In 2013,  EM TV  featured a story about a small coffee cooperative  in  Boana, Morobe province.
It was started by a former elementary school  teacher who was looking for a way  help farmers pay for their children’s school fees.

Well… that coffee cooperative has grown.   Neknasi is now  a leading example  of  a homegrown cooperative that has begun exporting to international markets. 
This is a follow on from the Neknasi Story

Boana has never been the center of attention in Morobe Province.    It is  remote and for years has remained one of the most neglected  district centers  in Papua New Guinea. 

But in the last five  years, the people,  who had become  tired of   the transport and economic  hardships   stopped asking the government for assistance  and built   a  coffee cooperative.
The  idea came from Mong Bngun,  former elementary school teacher who,  in his previous life,  found that parents  difficulty   paying  the required school fees.
Michael Toliman – General Manager, Neknasi
So Neknasi happened.  A cooperative of   200 farmers was formed. 
Initially, they were,    very much,  under resourced  but  they  had  more than 50 years of  coffee growing experience.  For the farmers,  that was more than enough.
One of the driving forces  behind Neknasi’s success has been Michael Toliman.
Mong Bungun, Chairman of Neknasi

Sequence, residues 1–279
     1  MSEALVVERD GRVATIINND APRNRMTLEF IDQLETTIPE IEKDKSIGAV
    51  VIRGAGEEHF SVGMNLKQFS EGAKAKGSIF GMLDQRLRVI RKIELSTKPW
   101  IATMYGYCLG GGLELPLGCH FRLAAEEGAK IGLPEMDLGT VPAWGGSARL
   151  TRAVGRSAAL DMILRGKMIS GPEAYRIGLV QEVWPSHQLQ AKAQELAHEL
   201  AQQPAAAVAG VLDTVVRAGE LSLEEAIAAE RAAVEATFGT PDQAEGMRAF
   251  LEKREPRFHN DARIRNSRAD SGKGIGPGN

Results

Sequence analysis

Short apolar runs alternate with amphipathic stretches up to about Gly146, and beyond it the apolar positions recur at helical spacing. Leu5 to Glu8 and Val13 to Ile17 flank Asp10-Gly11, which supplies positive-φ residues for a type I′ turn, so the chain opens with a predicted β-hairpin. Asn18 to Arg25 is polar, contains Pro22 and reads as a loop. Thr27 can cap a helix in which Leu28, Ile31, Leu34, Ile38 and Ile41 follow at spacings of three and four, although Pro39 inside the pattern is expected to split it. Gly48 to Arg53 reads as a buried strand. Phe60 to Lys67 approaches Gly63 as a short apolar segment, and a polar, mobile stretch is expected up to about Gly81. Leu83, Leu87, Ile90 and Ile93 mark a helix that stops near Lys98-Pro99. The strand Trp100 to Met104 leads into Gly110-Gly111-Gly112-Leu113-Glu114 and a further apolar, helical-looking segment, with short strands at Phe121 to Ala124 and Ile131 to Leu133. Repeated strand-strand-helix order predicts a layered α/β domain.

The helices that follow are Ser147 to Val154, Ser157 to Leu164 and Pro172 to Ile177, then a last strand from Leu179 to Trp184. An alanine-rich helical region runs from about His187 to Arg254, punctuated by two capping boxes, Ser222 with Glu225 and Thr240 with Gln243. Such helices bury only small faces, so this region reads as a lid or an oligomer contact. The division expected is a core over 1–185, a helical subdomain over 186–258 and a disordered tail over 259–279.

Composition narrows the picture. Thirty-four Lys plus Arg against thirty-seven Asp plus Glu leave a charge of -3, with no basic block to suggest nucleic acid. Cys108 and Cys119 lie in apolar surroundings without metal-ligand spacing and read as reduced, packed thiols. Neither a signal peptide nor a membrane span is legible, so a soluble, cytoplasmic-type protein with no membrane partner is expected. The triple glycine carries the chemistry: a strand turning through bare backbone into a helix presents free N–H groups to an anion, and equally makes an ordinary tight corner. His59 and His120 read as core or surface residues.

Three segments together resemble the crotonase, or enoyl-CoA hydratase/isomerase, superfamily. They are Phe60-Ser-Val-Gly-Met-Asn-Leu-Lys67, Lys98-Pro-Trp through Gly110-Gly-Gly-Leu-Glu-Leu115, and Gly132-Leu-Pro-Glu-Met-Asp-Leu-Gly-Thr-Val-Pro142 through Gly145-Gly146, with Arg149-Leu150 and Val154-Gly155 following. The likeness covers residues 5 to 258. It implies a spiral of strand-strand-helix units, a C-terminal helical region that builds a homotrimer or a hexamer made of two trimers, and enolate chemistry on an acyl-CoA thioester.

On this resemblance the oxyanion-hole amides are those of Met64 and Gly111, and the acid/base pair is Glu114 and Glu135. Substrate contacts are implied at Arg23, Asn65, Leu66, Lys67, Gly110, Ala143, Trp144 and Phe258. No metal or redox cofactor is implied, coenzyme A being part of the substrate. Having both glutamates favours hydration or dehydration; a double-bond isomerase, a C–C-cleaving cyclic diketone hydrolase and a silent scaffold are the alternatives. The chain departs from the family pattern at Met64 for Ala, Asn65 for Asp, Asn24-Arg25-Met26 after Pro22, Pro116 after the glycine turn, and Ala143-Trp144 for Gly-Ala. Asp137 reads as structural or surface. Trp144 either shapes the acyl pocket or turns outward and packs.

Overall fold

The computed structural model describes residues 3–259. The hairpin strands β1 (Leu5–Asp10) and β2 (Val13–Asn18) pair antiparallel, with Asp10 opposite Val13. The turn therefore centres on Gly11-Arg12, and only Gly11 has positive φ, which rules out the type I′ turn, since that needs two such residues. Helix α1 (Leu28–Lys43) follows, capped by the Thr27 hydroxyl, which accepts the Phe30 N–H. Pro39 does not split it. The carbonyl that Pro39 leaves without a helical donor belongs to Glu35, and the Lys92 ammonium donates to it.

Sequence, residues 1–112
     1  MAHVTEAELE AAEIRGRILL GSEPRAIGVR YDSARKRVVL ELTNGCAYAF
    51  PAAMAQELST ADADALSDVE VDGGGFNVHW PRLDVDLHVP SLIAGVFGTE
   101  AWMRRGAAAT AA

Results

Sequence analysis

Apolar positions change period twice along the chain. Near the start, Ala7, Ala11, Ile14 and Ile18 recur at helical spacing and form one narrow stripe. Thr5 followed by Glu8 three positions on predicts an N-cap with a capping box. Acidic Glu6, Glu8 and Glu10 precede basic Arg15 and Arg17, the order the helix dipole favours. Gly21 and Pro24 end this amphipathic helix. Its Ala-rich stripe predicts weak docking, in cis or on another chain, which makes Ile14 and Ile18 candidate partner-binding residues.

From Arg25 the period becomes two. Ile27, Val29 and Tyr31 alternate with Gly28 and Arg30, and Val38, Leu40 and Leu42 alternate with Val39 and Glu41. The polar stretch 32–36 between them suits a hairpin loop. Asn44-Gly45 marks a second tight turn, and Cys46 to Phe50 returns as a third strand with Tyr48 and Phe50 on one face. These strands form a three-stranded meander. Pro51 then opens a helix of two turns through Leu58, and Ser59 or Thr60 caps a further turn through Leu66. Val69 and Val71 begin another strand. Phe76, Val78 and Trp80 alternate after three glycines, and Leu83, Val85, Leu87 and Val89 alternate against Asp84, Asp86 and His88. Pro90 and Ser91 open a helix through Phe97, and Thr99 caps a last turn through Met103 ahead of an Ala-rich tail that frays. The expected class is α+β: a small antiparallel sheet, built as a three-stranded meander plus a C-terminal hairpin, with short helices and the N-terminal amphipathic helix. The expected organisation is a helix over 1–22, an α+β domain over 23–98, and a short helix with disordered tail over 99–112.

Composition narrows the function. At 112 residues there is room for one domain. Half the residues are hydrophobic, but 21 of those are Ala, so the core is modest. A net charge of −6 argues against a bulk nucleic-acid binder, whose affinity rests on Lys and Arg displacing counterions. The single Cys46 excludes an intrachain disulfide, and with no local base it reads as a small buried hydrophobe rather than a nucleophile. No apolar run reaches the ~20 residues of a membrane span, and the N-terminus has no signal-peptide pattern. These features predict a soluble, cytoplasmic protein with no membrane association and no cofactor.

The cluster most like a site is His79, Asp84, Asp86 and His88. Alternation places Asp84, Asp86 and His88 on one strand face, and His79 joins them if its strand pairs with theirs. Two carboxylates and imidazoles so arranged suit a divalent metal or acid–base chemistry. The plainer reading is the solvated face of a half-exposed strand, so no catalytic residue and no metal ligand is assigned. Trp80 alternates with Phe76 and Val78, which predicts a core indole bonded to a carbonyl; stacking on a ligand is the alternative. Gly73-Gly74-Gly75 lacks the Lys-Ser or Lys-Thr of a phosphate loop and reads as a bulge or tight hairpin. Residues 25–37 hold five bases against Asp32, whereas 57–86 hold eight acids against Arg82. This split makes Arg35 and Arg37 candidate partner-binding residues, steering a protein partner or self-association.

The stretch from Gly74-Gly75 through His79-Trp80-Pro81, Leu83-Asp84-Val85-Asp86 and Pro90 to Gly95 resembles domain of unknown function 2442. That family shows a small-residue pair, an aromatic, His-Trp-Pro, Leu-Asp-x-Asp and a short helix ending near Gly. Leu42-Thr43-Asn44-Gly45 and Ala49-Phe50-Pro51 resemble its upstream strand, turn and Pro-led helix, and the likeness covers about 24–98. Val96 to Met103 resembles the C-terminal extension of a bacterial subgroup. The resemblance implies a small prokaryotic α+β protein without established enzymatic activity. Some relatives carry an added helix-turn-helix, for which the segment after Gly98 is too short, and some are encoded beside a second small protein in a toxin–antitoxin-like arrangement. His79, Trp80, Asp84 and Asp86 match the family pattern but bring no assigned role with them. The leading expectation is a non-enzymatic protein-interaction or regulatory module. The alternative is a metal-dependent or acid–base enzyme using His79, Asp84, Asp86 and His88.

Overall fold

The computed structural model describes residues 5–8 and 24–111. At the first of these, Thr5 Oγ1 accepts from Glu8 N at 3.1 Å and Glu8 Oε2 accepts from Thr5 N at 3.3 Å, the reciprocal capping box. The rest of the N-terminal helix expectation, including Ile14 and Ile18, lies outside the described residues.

The  Tolai    who  has now become an honorary  local tribesman from Boana,   began his association with the farmers when he was working with the Coffee Industry Cooperation.  After a few years, He quit his job as a government officer and helped to build Neknasi.  
“The governance of the cooperative  is strong,”   says the cooperative’s general manager.  “There is a board, an executive arm and   leaders in each of the village communities.”       

          A few months back in Goroka, the Prime minister, Peter O’Neill,   personally   presented the group with   their coffee export license giving them the authority to grow, process and export coffee.

For Neknasi,  the coffee export license  has become the icing on the cake.   They own the land,  control the quality and  now control nearly  every  toea they make  from revenue exports.
Neknasi has also been responsible  for opening   up the Boana  road.  The farmers built some of the smaller roads by hand. Later they  hired a bulldozer to help.
Now,  through a partnership with Fairtrade International, they are  receiving a premium on top of their normal coffee export revenue.
That  money is now being used to pay for 500 water  taps  which will be installed  in the Boana area.


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